Brave At Heart

 Image Credit: Dylan Spitz

Image Credit: Dylan Spitz

By the time I counted the third train skip my stop I was too deep in my thoughts to really care that I was an hour late to my usual work start time.

It takes a while to get to where you’re going sometimes, but I’m finding time isn’t as much an enemy as it is a helpful accomplice. It navigates hard days with you and when you walk into battle it gives you a second to breathe and notice your surroundings. Mine are full of the brave at heart, people who love me well and I love back. 

Their strength gave me permission to break because they promised to carry me through the storm. I saw rains and tides and winds wipe out sandcastles and in their place all that was left was a clear view of the sunrise. Then, when I decided I was ready to rebuild, they helped me up from the sand, dusted me off, and handed me a construction hat — behind me a cleared foundation and a stack of bricks.

The next castle, it’s of my doing. It’s built with intention and on self-love. Engraved on the first brick is “established 2018” the year of my own rebirth. I have trust in myself as the cement that holds the bricks together. One by one I’ve piled them. One by one I propped up walls and carved out a doorway, one that let in love and let out toxicity and hurt. 

The fourth train is mine and I walk in and slide into a seat between two people. They look like they’ve been through their own versions of hell and I fixate on that idea. How is it possible for hell to look one way for one person and completely different for another? How is it possible for your own personal hell to morph?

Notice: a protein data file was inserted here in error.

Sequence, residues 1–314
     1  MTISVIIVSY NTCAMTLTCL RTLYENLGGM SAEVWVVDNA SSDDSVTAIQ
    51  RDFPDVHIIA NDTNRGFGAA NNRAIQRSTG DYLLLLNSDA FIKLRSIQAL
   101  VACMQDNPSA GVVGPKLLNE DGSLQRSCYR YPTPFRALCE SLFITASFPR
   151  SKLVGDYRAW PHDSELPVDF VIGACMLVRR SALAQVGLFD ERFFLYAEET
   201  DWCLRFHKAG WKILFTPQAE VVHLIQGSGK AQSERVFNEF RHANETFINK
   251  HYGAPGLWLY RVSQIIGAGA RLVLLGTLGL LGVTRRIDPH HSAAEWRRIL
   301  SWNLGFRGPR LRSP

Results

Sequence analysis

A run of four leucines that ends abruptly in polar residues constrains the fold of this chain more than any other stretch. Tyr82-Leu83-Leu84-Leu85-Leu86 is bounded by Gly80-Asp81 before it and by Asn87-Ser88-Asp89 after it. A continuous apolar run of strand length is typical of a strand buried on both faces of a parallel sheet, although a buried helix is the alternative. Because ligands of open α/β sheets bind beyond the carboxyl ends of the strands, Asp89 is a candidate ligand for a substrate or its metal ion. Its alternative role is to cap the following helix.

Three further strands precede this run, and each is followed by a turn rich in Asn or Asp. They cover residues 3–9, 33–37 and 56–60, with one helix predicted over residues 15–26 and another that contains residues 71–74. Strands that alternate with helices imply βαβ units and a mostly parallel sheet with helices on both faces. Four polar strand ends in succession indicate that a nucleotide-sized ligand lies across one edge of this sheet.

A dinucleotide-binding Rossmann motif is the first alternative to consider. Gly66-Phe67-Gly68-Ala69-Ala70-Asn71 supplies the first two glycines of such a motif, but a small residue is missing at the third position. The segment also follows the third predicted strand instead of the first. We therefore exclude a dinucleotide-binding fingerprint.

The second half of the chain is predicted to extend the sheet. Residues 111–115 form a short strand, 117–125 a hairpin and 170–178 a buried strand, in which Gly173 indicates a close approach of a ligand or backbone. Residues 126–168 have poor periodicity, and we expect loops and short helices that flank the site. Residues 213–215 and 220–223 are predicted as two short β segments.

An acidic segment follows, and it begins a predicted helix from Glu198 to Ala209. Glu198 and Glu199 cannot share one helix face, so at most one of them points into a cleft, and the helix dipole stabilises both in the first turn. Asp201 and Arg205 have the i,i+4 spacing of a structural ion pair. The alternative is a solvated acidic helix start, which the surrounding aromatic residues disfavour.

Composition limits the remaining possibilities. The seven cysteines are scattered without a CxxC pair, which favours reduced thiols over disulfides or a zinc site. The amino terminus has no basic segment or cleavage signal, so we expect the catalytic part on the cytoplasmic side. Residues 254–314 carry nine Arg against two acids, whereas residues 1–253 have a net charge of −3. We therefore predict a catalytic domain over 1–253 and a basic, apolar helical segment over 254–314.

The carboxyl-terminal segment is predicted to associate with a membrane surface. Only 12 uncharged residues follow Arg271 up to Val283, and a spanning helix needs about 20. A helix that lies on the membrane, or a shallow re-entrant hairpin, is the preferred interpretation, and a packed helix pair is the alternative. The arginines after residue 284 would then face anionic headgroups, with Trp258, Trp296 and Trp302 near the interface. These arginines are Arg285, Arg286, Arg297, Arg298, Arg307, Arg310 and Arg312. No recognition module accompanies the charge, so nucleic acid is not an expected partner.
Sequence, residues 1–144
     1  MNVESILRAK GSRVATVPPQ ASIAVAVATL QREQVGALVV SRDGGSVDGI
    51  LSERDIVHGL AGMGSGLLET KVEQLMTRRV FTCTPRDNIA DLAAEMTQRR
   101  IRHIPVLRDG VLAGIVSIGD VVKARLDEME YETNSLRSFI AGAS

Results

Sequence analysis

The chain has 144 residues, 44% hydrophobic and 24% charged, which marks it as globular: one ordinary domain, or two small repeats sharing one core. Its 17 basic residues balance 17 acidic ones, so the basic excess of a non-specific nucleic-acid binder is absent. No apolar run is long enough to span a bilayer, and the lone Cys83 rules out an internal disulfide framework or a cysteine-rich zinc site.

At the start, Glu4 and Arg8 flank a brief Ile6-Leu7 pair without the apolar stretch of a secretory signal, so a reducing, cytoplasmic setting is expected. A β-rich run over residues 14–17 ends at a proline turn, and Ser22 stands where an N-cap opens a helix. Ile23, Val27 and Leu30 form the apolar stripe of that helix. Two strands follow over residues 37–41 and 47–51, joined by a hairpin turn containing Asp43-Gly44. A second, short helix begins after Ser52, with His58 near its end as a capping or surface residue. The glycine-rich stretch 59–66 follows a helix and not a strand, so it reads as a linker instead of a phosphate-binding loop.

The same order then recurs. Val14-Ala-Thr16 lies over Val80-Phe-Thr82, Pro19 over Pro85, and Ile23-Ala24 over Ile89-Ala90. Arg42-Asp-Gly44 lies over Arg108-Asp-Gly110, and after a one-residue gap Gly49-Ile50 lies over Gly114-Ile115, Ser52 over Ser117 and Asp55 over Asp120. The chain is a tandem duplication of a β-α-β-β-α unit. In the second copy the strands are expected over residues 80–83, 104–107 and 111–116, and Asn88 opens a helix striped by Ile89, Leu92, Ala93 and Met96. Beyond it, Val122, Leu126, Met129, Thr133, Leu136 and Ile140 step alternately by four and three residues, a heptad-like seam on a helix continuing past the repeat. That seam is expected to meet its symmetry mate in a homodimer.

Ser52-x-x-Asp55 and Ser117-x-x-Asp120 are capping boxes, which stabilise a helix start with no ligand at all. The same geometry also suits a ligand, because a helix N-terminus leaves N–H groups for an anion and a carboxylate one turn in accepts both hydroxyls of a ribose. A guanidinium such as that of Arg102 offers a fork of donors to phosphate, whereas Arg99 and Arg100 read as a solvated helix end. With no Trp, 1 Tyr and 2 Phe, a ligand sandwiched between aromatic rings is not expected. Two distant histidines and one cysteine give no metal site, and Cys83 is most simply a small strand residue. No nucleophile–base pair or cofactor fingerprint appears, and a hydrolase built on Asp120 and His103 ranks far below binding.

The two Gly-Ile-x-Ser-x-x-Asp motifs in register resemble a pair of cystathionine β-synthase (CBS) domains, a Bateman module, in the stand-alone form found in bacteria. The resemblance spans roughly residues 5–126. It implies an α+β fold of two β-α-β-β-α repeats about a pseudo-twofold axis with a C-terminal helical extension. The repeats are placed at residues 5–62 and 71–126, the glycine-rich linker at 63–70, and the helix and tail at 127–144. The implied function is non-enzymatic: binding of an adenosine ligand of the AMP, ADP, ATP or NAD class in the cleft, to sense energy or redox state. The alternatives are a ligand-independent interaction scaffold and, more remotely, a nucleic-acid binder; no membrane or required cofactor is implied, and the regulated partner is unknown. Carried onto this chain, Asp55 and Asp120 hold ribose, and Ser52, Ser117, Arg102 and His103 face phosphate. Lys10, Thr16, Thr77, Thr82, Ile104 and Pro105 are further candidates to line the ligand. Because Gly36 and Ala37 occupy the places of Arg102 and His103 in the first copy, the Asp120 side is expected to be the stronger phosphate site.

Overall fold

For me, then, it was too much weighted silence, not enough easy laughs over dinner, an overwhelming sense of knowing hell is not where I belonged. For me, now, it’s a battle in trusting myself and others, in surrendering to the inexplicable nature of love, to anchoring myself in myself and letting cards, chips, all the freaking Monopoly pieces, fall as they may. 

I get off on my stop and walk the four blocks to work, my mind sits on yesterday, 4 texts all with the same message and all with the same reminder of how I too am brave at heart. 

When you go through hell, the only silver-lining is that you don’t have to go through it alone. On your worst days you’re held up by those who love you. You sit on their couches, you eat their food, you talk into their phones and come out on the other side, a small side at least, of that particular hell. 

I made this same walk in reverse yesterday afternoon. I feel the ring on my middle finger, also in reverse. There’s a bit of beauty in that. In knowing that reverse isn’t wrong, it’s just a different kind of normal. The ring will eventually go back to its rightful way, not now though, not yet. The walk to the train on my way home will be different, but that’s later, this is now. 

I’m on a path to healing and have been for months. It’s the healing that helped me stand tall in my own heart. It’s the healing that helped me take a leap of faith. It’s the healing that chastised me for saying I wanted guarantees when it knew that all I wanted was love. And sometimes, most times, love and guarantees just don’t go hand in hand. Instead, next to love, you find forgiveness, grace, and commitments to show up and try our best, every single day. 

I read a book a few months ago and this quote is one I’ve carried with me since I read the sentences: 

“You have to keep melting into each other until you become something entirely new. The only constant family rule is that everyone has to keep showing up.” 

Of all that is asked in friendships and relationships the notion of showing up has to be the hardest thing. Because to show up as you are sometimes isn’t pretty, it’s mascara running in a Starbucks and hands shaking as you apologize. 

But, the brave at heart do it anyway. 

But, the brave at heart are only brave because they acknowledge how nervous they are. 

But, the brave at heart are brave because they know that hell is a place that is of our own making and only we know the emergency exits.